Saturday, August 2, 2008

Oral History

Oral history can be defined as the recording, preservation and interpretation of historical information, based on the personal experiences and opinions of the speaker.
It often takes the form of eye-witness evidence about past events, but can include folklore, myths, songs and stories passed down over the years by word of mouth.

Source: Wikipedia

Oral history is a developing field and an increasing amount of importance is ascribed to it. Most major museums now employ a director of oral history. Schools include an increasing amount in teaching programs. While the thoughts an feelings of common people undoubtedly do allow a valuable insight into the way events effect people, placing undue weight on personal accounts has the potential to undermine a true understanding of history.

I recently supervised a modern history Higher School Certificate (final year) exam on the First World War. To relieve my boredom, I read the exam paper. I was surprised to find that most of the questions dealt with the role of women on the home front, rationing etc. Only one or two questions actually dealt with what actually happened in military terms. It seems that a politically correct agenda has highjacked the history curriculum, as it has in most other areas.

During my first week at teachers' college, we were all asked to give a presentation on a topic we were familiar with, to practice presenting to an audience. Having studied Fine Arts, I chose to talk about the Renaissance. Five minutes into my presentation, it became clear from the blank looks that no one knew what I was talking about, and these people were all university graduates. None of them had heard of the Renaissance; I was astounded.

Another case in point is the acclaimed TV series, The Civil War. This was an excellent series, 11 hours in length. Much of the 11 hours was taken up by accounts of soldiers at the front.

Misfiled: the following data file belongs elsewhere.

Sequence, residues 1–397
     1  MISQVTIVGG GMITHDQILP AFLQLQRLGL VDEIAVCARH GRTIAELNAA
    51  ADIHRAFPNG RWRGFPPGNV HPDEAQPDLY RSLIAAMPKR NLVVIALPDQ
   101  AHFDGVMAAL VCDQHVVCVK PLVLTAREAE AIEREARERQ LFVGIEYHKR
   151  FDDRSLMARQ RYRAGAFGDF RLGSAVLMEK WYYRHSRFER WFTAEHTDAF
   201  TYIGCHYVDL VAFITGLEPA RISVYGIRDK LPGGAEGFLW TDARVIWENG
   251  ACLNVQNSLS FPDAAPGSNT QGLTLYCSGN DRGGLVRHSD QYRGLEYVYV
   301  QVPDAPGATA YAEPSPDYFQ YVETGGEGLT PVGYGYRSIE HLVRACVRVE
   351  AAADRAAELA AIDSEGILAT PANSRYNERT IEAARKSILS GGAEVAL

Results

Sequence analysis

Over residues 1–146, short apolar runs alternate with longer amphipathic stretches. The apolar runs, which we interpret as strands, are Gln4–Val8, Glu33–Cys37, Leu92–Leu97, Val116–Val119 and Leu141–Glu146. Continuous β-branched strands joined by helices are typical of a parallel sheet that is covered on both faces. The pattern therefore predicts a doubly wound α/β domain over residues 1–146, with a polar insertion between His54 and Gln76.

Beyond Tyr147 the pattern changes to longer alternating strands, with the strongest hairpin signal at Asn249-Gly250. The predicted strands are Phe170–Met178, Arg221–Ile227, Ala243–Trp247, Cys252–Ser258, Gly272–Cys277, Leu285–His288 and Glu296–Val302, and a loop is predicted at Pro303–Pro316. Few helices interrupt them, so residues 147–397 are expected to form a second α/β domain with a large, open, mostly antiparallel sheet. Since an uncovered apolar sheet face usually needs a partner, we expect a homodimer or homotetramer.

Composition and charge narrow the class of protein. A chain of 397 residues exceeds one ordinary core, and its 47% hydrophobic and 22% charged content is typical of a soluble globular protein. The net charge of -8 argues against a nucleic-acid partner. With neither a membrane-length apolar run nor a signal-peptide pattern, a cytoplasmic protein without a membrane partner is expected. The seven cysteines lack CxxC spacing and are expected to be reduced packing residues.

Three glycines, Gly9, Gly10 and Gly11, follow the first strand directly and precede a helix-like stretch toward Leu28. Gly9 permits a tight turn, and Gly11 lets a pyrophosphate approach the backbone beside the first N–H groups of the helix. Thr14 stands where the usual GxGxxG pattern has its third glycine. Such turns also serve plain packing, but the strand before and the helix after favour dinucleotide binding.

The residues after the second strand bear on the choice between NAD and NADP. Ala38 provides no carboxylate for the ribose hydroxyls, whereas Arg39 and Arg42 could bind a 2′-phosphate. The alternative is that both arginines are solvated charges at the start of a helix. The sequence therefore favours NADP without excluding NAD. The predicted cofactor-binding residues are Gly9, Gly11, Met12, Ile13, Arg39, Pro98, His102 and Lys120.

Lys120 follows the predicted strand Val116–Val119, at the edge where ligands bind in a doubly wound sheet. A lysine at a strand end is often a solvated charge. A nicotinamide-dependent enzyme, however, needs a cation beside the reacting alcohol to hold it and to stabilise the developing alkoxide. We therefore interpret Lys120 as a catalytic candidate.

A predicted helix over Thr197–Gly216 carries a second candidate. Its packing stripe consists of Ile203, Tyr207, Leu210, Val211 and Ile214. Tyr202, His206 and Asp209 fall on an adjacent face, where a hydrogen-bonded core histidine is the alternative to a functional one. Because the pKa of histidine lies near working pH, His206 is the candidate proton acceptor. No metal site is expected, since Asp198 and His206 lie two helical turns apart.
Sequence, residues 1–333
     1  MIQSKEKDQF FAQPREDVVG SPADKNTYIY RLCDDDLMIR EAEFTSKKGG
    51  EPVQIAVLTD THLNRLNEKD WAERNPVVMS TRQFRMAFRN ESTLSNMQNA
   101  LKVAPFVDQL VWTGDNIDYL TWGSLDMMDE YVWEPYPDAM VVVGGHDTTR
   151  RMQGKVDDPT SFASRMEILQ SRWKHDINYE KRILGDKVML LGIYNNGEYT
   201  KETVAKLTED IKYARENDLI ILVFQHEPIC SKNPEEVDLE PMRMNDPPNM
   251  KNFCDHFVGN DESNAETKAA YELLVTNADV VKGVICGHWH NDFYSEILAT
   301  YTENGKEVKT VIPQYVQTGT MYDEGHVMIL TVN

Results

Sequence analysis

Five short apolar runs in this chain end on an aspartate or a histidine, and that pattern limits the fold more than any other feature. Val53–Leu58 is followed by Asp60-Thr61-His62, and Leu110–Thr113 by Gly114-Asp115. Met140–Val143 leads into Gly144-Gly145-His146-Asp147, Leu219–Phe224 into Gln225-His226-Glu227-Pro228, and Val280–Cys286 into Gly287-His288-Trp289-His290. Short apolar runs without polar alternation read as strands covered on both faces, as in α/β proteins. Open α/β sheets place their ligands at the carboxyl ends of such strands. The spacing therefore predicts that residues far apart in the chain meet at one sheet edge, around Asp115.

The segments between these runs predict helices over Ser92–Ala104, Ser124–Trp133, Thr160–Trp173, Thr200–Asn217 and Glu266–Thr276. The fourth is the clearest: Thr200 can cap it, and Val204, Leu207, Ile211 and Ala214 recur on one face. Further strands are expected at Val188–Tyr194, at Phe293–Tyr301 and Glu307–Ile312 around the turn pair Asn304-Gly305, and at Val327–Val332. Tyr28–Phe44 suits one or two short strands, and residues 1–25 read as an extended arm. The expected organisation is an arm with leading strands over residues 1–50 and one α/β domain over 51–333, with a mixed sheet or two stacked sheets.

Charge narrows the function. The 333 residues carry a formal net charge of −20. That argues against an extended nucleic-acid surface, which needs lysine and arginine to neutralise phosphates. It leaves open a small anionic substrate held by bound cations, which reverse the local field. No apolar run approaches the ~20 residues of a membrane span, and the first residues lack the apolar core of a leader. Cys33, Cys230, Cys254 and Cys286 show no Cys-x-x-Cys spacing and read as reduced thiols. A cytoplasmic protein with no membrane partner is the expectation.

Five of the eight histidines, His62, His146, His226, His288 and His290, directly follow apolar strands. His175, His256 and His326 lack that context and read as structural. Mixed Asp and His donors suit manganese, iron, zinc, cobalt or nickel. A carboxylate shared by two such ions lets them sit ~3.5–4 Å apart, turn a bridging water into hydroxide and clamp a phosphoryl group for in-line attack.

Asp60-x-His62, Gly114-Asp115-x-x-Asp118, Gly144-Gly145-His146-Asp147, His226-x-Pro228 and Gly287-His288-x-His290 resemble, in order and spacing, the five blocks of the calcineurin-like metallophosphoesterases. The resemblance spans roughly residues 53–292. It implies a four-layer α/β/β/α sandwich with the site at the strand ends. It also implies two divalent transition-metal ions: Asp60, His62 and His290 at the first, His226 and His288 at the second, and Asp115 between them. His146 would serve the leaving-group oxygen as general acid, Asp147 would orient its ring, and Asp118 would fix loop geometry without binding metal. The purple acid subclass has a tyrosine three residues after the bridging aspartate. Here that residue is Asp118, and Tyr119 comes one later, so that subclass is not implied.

"Dear mom, we are really miserable here. Laying in a muddy ditch being shot at is not much fun. Gee I hope we're home by Christmas..."

Accounts like this consume much of the series, always accompanied by the same sickly violin music. How much do accounts like this really tell us? It really comes as no surprise that laying in mud being shot at is not an enjoyable experience. All I really wanted to know was what actually happened. I gave up watching the series and read a book on the subject with much more satisfying results.

In Orwell's 1984, Winston Smith talks to an old man trying to find out about life before the revolution. He was frustrated: "The old man's mind was a rubbish heap of details". The oral history presented by the old man was evidently not very useful.

It is something of a cliche to to say "those ignorant of history are doomed to repeat it. We might wonder how well the Bosnian Serbs under Slobodan Milosovic, Radovan Karadzic and Ratko Mladic understood the all too recent Nazi holocaust. Hardly a recipe for social improvement.

While the insights provided by oral history might be interesting and valuable, allowing it to predominate at the expense of a balanced understanding of facts and events might well have dangerous consequences.


iWalk said...

Oral history was used quite well in HBO's World War II mini-series Band of Brothers.

We can see real members of E Company tell us their ture story in World War II at the beginning of every part of mini-series.

iWalk said...

A blogger award is waiting for you, please take it from my site, thanks, have a beautiful life, best wishes from iwalk!

Liam said...

I haven't seen Band of Brothers but I'll look out for it; I love historical documentaries.

Thanks a lot for the news about the award!

Bikran said...

we don't have any special kinds of programs regarding oral history . But they do show on television sometimes .I have seen few of them Even I am much interested in historical documentaries .nice write .
take care.